Recognizing Toilet Rights

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By Jonathan Monis

I once had an experience that I can’t forget: a time when I had to rush to the nearest restroom because I really had to relieve myself. Alas, I got to a restroom only to find out that access required payment. I had to look for 10 pesos in my purse, and that was when I discovered that all my money was in large bills. It was a bad time to be stonewalled.

Pay toilets are popular these days. They plague not only malls, but also other public places such as bus stations, marketplaces, and parks. In some establishments, optional donation boxes are present as an alternative scheme. However, if you do not contribute, you will be informed to do so anyway. If it is below five pesos, they will force you to give more.

It irks me whenever I see pay toilets without the provision of free ones. I know that some people who are well-off prefer cleaner toilet facilities with services beyond the basics. That’s fine, for as long as free toilets are also publicly provided. While I have my aforementioned bad experience with pay toilets, the main reason for my exasperation is the realization that it violates the rights of people to sanitation and health. Furthermore, the ones greatly affected are poor people.


Toilets and Public Health

Even before modern concepts of public health were developed, public health was largely seen in the context of hygiene and sanitation. Early progressive civilizations, such as the Egyptian and Roman empires, recognized the importance of managing human waste. The science for sanitation began even earlier than the discovery of penicillin as an antibiotic, and the breakthrough of hand-washing in medical discipline.

It is important to remember that, without good sanitation, serious diseases can originate from unclean water as well as unsafe human waste disposal. The Cholera Outbreak occurred in London, shaking both Europe and the rest of the world. It is a perfect example of the importance of sanitation and clean water, especially for public health practitioners. The dedication of Dr. John Snow to learn the cause of the outbreak gave birth to the modern concepts of epidemiology.

Though sanitation has always been a concern since then, diarrheal and water-borne diseases still discommode the world, especially in developing countries. The battle against water-borne diseases is cannot be won without proper sanitation and clean water.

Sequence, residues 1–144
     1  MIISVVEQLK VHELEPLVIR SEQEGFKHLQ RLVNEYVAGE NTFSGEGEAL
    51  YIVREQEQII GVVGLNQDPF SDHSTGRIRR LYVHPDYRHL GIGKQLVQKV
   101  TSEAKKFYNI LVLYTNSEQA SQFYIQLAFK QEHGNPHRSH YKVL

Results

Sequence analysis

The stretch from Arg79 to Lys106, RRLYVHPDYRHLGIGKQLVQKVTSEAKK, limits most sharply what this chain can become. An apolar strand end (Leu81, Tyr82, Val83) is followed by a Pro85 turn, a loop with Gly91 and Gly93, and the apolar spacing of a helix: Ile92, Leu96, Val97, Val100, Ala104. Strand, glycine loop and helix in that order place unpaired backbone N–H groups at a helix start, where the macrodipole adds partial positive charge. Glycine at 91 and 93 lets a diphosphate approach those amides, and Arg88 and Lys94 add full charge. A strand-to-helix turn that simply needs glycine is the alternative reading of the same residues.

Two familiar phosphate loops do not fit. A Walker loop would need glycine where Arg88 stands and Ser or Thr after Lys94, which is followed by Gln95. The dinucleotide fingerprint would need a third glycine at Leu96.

Pay Toilets and Social Inequity

The concept of pay toilet accentuates social and health inequity between the rich and the poor. In addition, it emphasizes the insufficiency of toilet facilities in the country. It is an emerging issue, but nobody sees it as an important matter; since it has become a norm, everyone has been blinded to the problem.

At present, a lot of men are satisfied with splashing their liquid waste on the walls of establishments or behind electric posts on streets rather than look for the nearest toilet (if available). People with a higher sense of responsibility control the urge and wait for the moment they reach their homes.

It is also not an uncommon scene to see a guy urinating and to smell a ureic odor when we pass by the streets. Though there are local policies that prohibit doing such actions, do they consider our friends who live through peddling? How can they survive a day without access to basic toilet facilities? To those who are homeless and penniless, how can they engage in the most basic sanitation methods? I don’t think these people are exempted from these policies, and toilet services are not publicly provided by the government.

Photo by Vanessa G. Caday

Which leads me back to the issue of toilet rights. Failure to recognize toilet rights is unconscionable. Everybody deserves to have an access to decent toilet facilities. People should realize that the government’s failure to provide public toilet facilities violates their human rights. Moreover, improper sanitation greatly affects children and will continue to endanger lives because of water-borne diseases if the government fails to act.

I see toilet and sanitation just like education and health: social services that every Filipino should enjoy. Paying for toilet access is tantamount to out-of-pocket spending for healthcare and high tuition fees among state colleges and universities. Advocates protest and fight for an improved healthcare system and for higher subsidy of basic and higher education. But why are we letting our society be deprived of another basic social service?

We should not wake up one day surrounded by pay toilets before we realize that access to it is also a human right.

Now is the right time to take action and attend to our toilet rights. Just like what Antoine de Saint Exupéry said, “When you’ve finished with your own toilet in the morning, then it is time to attend to the toilet of your planet, just so, with the greatest care.”


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